Sensi Magazine March 2019 - Boston Digital Edition
Feb 28, 2019 05:43AM
● By Amber Orvik
ROUNDING UP THE WHAT
A string of studies came out in February and were picked up by various press, including Vice’s health vertical, TONIC, which commented on a large study out of the National Institute of Scientific Research at the University of Quebec. The research examined nearly 320,0000 patients with a history of “abusive alcohol use” and concluded that drinkers who use cannabis had “significantly lower odds of developing liver diseases”, including cirrhosis—something a presumably decent swath of you probably will find comforting in the month that St. Patrick’s Day built in Boston.
Reports also circulated about some people in Texas who, while scoping a choice spot to squat and fire up a joint, discovered a live caged tiger in the abandoned house they were eyeballing for a session. Weird, sure, but call it a Litmus Test: If you find it weirder that people were ducking into a Lone Star State shanty just to smoke cannabis freely than the fact that it’s legal to own a jungle tiger in Texas (if you have a wild game permit) but smoking a plant for recreation isn’t, than it may be time to adjust that moral compass of yours.
A bummer bit that hit last month was Boston’s celebrated Economic Empowerment Program, the first of its kind in the nation, has been delayed. Coupled with the later news that weed giant MedMen is working on a cavernous storefront in the heart of Fenway, it added up to a sour note for all, but especially those for which the EEP program was supposed to lift up. MedMen is currently facing a lawsuit by its own former CFO, alleging “racism, homophobia, misogyny, and financial misconduct” is the rule at the company (CEO Adam Beirman told the crowd at the NCIA “Seed to Sale” show in February the allegations were “absolutely silly and disgusting”), so absorbing both items in a short time has put a little hate in the heart of a lot of weed warriors around town.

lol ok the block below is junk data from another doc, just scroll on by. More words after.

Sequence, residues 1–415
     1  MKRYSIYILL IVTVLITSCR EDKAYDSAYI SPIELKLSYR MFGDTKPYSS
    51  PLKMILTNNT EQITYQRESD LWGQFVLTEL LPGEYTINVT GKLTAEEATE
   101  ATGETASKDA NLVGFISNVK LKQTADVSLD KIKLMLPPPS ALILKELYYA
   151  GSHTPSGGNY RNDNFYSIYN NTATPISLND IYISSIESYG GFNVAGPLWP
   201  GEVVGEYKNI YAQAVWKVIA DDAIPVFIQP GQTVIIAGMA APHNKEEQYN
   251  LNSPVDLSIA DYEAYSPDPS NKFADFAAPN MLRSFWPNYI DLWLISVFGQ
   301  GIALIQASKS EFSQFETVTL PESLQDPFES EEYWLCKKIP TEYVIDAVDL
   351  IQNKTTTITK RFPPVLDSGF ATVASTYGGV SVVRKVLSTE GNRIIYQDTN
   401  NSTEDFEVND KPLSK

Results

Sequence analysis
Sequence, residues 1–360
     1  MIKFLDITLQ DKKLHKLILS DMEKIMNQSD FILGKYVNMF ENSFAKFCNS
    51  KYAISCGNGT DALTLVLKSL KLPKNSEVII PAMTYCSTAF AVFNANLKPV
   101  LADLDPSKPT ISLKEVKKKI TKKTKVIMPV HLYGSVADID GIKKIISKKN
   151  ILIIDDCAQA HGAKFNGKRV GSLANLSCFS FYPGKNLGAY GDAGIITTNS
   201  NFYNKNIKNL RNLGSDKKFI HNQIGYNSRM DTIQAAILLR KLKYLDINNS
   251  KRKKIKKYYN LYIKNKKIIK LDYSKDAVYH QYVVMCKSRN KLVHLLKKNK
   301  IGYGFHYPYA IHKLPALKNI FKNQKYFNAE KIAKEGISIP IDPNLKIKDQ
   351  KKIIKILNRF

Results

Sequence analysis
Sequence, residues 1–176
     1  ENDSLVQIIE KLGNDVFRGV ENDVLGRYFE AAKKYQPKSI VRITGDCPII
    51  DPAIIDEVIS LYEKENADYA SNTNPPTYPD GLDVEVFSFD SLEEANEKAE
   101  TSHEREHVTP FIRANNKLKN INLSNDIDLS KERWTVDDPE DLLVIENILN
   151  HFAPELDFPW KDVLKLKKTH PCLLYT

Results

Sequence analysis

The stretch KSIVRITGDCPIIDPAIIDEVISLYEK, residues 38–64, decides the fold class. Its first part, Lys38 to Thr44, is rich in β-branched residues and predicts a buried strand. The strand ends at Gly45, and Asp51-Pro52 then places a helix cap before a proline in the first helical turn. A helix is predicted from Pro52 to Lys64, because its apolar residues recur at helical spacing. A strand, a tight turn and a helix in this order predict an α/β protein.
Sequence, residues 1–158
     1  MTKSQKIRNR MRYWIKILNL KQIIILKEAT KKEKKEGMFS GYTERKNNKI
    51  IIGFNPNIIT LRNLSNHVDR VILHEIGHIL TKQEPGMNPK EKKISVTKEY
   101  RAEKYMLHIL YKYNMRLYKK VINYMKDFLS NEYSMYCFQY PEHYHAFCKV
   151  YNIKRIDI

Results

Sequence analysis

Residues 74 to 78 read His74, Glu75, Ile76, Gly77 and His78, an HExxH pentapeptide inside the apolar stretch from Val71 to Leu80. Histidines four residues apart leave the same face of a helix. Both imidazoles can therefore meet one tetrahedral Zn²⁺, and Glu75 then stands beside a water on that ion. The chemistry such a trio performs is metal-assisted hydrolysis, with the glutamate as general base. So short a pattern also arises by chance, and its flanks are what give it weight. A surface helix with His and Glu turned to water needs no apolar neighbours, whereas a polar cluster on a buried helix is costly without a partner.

And expect more fireworks as the industry continues to grow. Sometimes they have dark connotations like the MedMen situation. Other times, it’s just the sparkle of the state raking in over $24 million dollars in the first two months of legal sales and all that suggests for the coming green rush headed to the Bay State. I loved reading about the CCC granting it’s first final license to a general adult-use cannabis applicant in February. It’s novel not only because it’s the first in the state that isn’t a former medical marijuana outfit going for the rec dollars, but also because it’s hyping a small, local, woman-owned business in a marketplace already unsettled by the encroaching shadow cast by Big Weed, and the (often) rich white men behind it.
Remember the Mass Grass scene is just getting going. The power to shape and mold it in the best interests of the community who fought for years to legalize it—and the great swells of job creation and potential for social justice reform for the communities hardest hit by the failed War on Drugs—is still in the hands of the people willing to work together with aligned interests for true local solidarity. Let’s try to keep it that way.
Dan McCarthy // MANAGING EDITOR // SENSI BOSTON
Click on the image below to read the MARCH 2019 issue of Sensi Magazine — Boston Edition